Forgot your password?
typodupeerror
Businesses The Almighty Buck Your Rights Online

Fair Use Generates $4.7 Trillion For US Economy 160

Posted by kdawson
from the you-say-pirate-we-say-patriot dept.
Hugh Pickens writes "The Hill spotlights a study released by the Computer & Communications Industry Association, which concludes that companies relying on fair use generate $4.7 trillion in revenue to the US economy every year. The report claims that fair use — an exception to the copyright law that allows limited use of copyrighted materials — is crucial to innovation. It adds that employment in fair use industries grew from 16.9 million in 2002 to 17.5 million in 2007 and one out of eight US workers is employed by a company benefiting from protections provided by fair use (PDF). Rep. Zoe Lofgren (D-CA) says the reasonable fair use of content needs to be preserved; otherwise, content owners will control access to movies, music, and art that will no longer be available for schools, research, or web browsing. Lofgren tied the copyright issue with the question of net neutrality. Without net neutrality 'content owners will completely control and lock down content. We're going to be sorry characters when we actually don't see fair use rights on the Web,' says Lofgren. 'If we allow our freedom to be taken for commercial purposes, we will have some explaining to do to our founding fathers and those who died for our freedom.'"
This discussion has been archived. No new comments can be posted.

Fair Use Generates $4.7 Trillion For US Economy

Comments Filter:
  • by ugen (93902) on Wednesday April 28, 2010 @08:16AM (#32012612)

    The vehemently anti-copyright stance of Slashdot is, in my view, not entirely thought through. Remember - GPL (or any other software license) is a *copyright*, protected and upheld by the same laws that protect music distributors and the like. From the point of view of the law MPAA, RIAA and FSF aren't really that different (yes, some do it for money, while others for fame, "principles" and/or a bit less money). Undermining copyright protections will not be "selective", though you may wish it were. If music or movies become trivial to copy against wishes of their authors or "copyright holders", so will the software under GPL.

    Just something for you to think about.

  • by aussersterne (212916) on Wednesday April 28, 2010 @08:18AM (#32012632) Homepage

    the silly brainwashing about fair use pounded into students' heads by other well-meaning but misguided instructors.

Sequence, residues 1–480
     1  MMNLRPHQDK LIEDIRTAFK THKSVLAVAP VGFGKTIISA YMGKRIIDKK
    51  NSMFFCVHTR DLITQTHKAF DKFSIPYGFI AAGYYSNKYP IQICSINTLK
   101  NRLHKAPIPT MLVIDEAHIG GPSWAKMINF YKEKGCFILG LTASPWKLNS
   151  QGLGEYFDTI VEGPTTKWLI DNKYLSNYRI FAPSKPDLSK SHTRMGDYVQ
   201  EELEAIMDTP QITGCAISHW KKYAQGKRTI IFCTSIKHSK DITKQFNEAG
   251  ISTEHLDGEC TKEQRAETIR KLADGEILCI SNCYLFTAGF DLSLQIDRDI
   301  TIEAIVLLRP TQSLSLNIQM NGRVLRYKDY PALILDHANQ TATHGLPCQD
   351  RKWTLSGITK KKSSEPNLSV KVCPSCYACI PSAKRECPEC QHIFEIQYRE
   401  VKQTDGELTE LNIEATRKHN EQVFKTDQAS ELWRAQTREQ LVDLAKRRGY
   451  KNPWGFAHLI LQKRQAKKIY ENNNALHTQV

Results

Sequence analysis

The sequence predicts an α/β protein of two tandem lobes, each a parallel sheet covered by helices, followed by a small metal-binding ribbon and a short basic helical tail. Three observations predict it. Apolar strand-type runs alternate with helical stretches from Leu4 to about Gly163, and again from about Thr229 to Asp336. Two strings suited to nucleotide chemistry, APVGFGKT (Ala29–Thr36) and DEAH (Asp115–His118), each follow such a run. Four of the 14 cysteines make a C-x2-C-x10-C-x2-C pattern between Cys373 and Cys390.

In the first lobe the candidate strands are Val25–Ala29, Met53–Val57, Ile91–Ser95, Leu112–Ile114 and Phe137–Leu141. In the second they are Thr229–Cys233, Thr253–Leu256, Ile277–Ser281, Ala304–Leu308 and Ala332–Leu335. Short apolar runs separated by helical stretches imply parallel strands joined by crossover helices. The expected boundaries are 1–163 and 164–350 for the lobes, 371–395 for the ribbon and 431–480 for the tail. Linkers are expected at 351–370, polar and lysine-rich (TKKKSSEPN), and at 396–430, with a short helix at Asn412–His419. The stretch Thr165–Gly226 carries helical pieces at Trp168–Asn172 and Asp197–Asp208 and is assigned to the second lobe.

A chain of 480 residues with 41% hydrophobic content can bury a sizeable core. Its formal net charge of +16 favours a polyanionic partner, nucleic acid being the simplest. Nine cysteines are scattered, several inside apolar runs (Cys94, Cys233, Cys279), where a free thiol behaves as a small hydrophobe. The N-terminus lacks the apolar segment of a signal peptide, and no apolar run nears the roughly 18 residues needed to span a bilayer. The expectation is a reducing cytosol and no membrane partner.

I have students afraid to read books before writing papers because if they "get an idea from a book" and use it, it's plagiarism. The entire notion of citations has gone right past them; all they know is that everything they do has to be "original."

    I routinely hear that they didn't know they could use a quote because they thought it was "stealing" and are afraid of reading relevant works first so that they don't "copy an idea" without meaning to.

    The other half of the students, steeped in remix and sampling culture and fancying themselves anti-IP warriors, routinely copy and paste without citing, then give me lectures about how IP is coming to dominate society. They intentionally refuse to cite out of a misguided sense of activism and as a result flunk assignments and even classes and are referred to disciplinary bodies where they presumably make the same arguments.

    There is little sanity and a lot of craziness coming out of the discourse on IP, and we're going to see it affect us as the current generation of students enters the workforce.

  • by abigsmurf (919188) on Wednesday April 28, 2010 @08:45AM (#32012864)
    The whole issue of fair use has been warped quite a bit by people believing they've a good knowledge of related laws because of reading tech sites and places like Digg, Reddit and Slashdot.

    Too many people look at cases that are right at the legal limit of fair use and had to be argued heavily in court and be well justified. Rather than looking that at the point where fair use ends, they see that as a new baseline and then step over the mark whilst thinking the law is on their side.
  • by commodore64_love (1445365) on Wednesday April 28, 2010 @08:45AM (#32012868) Journal